Most of us working in this sector would say that we’re in our profession by choice; the rest might say that it’s by happy accident. We get up and come to work every day because we’re innately passionate about what we do to directly or indirectly address problems in the world that we know can be solved. To borrow a phrase from Steve Jobs, we are determined to make our dent in the universe. During an unsettled time, we represent what is best about our nation. It is our duty — our calling, really — on top of everything else on our overflowing plates, to make sure our voice is being heard.
The people, the communities, the creatures, and the greater good: These are the things that compel us to do what we do. And they are counting on us to make sure we protect and preserve this nonprofit ecosystem so that we have the resources and influence necessary to change the world.
So, just that small thing. Changing the world. If you’re trying to eat a whale (which I don’t suggest or support, by the way), you can walk around it all day, daunted by its massive size and wondering how you’ll ever finish. Or you can pick a spot and take a bite. The Nonprofit Alliance picked our spot, and before we even paid our first office lease bill, we took a big bite.
Our spot: data privacy.
Legislative decisions to protect consumer data privacy are being made right now. Most legislators recognize and value the services offered by nonprofits, and they want to do right by nonprofits so we can continue to make their constituents’ lives better. But they are not experts in fundraising. The Nonprofit Alliance has to be clear and direct in advocating for fundraising best practices, which are distinctly different from what may be best for other industries.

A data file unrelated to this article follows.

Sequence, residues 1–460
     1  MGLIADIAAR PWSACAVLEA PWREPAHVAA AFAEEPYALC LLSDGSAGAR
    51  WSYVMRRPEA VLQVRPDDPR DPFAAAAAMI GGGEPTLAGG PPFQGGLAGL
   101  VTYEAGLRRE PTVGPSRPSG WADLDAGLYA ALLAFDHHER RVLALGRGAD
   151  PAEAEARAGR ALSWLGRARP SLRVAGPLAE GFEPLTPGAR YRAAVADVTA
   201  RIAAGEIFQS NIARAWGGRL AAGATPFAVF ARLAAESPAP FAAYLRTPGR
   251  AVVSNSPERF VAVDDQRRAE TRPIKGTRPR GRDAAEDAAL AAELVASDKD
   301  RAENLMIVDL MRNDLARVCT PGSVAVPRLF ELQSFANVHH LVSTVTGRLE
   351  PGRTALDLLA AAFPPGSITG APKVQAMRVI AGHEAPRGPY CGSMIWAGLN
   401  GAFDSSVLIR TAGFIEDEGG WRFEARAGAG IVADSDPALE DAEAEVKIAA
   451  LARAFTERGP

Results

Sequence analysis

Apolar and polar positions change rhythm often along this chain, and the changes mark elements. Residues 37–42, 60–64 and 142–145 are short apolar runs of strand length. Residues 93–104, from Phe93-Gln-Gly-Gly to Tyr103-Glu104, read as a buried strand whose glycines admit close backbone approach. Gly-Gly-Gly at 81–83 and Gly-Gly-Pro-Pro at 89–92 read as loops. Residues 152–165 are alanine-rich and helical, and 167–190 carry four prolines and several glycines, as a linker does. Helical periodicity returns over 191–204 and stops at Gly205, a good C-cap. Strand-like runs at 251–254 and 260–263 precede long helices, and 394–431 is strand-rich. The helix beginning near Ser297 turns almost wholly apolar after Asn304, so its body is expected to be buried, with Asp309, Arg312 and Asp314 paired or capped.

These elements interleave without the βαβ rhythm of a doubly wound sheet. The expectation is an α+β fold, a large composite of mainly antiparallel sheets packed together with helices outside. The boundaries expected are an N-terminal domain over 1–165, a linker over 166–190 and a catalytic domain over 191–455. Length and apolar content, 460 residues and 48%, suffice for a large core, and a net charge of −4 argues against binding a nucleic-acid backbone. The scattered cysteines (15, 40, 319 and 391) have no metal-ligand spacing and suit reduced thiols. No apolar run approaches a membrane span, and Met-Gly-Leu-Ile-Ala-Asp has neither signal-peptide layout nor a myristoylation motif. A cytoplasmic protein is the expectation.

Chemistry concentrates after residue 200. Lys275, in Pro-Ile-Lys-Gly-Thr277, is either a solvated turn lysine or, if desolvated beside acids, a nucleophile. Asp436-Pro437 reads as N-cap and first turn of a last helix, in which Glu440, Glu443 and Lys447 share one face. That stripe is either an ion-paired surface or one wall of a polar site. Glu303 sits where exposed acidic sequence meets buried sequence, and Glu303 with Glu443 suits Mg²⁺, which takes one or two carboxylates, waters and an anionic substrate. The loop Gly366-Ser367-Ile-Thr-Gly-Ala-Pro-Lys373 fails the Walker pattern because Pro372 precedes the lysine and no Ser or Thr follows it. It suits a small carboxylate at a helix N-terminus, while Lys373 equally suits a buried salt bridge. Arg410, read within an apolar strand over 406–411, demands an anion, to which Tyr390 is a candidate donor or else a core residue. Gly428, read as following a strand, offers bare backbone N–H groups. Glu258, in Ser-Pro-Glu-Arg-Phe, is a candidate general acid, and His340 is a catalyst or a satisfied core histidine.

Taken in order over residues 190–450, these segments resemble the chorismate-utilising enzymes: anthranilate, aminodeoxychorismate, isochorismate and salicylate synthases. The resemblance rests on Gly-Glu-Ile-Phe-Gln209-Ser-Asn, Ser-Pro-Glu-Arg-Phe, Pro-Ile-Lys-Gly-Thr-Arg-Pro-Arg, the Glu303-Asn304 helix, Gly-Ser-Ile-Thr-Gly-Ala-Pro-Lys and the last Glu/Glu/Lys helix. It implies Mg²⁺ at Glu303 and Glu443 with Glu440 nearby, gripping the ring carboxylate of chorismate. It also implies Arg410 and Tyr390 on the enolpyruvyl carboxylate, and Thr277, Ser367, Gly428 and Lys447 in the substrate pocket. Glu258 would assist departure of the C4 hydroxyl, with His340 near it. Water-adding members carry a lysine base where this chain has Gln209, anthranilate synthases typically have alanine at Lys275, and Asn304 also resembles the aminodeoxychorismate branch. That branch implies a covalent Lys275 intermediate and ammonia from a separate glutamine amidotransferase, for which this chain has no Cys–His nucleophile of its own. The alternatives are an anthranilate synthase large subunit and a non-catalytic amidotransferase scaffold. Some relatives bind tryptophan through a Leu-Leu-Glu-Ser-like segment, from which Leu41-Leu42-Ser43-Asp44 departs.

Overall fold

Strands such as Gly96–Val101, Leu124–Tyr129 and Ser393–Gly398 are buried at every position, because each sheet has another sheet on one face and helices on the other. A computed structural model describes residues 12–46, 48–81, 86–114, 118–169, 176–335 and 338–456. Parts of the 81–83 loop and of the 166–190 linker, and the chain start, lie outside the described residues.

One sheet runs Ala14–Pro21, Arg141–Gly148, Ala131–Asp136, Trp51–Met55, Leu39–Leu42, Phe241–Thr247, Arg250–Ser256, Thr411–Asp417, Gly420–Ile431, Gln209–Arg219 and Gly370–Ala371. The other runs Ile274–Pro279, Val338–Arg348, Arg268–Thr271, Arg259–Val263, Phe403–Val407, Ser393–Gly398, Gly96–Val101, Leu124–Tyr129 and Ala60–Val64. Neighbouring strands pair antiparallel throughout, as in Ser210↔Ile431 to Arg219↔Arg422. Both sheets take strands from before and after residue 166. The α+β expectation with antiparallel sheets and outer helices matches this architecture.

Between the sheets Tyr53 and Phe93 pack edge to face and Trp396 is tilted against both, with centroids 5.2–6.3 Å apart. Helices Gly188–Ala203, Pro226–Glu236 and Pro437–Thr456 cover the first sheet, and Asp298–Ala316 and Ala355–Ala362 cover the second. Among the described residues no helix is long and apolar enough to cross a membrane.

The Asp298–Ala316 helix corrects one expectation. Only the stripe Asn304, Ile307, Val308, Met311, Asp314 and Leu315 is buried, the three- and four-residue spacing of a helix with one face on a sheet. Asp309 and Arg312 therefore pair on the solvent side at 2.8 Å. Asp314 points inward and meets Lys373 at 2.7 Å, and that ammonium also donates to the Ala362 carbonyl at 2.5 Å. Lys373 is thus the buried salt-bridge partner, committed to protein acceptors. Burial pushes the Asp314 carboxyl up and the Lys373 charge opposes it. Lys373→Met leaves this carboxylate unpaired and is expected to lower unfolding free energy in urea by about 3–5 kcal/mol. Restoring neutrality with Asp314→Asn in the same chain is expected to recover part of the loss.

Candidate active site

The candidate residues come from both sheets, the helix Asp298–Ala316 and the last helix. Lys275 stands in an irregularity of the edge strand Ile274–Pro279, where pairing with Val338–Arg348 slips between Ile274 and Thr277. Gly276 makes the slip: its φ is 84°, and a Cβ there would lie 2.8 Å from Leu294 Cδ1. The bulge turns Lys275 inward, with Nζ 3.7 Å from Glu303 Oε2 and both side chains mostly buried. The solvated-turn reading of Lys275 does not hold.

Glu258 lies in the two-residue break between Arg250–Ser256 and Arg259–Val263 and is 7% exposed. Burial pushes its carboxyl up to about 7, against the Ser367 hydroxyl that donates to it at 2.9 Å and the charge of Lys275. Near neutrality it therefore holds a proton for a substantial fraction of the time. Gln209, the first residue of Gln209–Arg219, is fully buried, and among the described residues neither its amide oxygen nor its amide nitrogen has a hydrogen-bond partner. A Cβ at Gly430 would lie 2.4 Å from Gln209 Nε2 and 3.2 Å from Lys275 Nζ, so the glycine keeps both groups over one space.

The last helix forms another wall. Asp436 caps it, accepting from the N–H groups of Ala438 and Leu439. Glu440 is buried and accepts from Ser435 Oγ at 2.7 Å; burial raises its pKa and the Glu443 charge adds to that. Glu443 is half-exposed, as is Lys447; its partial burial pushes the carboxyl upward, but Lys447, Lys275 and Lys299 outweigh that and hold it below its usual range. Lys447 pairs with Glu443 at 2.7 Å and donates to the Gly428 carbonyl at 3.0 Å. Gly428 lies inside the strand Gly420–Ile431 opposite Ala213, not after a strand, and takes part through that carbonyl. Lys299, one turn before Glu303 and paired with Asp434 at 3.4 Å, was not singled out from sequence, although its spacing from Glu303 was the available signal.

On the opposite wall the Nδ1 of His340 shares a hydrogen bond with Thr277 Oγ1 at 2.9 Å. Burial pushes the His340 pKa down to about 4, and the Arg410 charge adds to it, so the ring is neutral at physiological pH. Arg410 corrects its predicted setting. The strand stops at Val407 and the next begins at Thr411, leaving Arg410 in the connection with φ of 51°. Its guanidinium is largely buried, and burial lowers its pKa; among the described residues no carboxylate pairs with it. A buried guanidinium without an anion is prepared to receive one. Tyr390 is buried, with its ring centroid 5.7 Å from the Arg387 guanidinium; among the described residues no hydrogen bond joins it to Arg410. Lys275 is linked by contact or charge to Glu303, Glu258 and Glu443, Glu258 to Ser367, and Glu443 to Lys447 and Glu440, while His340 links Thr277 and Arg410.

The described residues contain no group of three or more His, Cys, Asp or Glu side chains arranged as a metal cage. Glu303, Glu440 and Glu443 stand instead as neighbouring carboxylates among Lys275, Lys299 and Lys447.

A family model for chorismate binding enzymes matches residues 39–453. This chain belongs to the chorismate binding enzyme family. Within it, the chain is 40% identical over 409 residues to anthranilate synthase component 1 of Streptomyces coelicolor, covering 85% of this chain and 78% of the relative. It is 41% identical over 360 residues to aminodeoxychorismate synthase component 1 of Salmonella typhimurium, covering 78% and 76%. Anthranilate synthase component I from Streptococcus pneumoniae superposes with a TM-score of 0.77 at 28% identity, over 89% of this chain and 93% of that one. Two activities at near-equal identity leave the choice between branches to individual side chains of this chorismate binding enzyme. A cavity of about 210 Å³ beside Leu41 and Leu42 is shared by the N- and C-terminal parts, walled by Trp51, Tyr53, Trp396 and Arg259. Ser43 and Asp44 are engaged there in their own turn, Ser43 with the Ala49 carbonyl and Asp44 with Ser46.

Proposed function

As an example, state legislators thought that their California Consumer Protection Act exemption adequately protected nonprofits because, as they said, no one had told them otherwise. That was, however, until The Nonprofit Alliance arrived in Sacramento.
Now we’re expecting data legislation to gain traction in as many as 25 states, and we’re on Capitol Hill talking to key leaders to propose a single, reasonable national policy.
If we want to be heard, we have to speak up.
That’s bite #1.
Here’s bite #2: We’re working to create a new and improved experience for The Nonprofit Alliance members. We’re building out an educational programming menu and cultivating mutually beneficial relationships with specialized associations that are making us stronger together.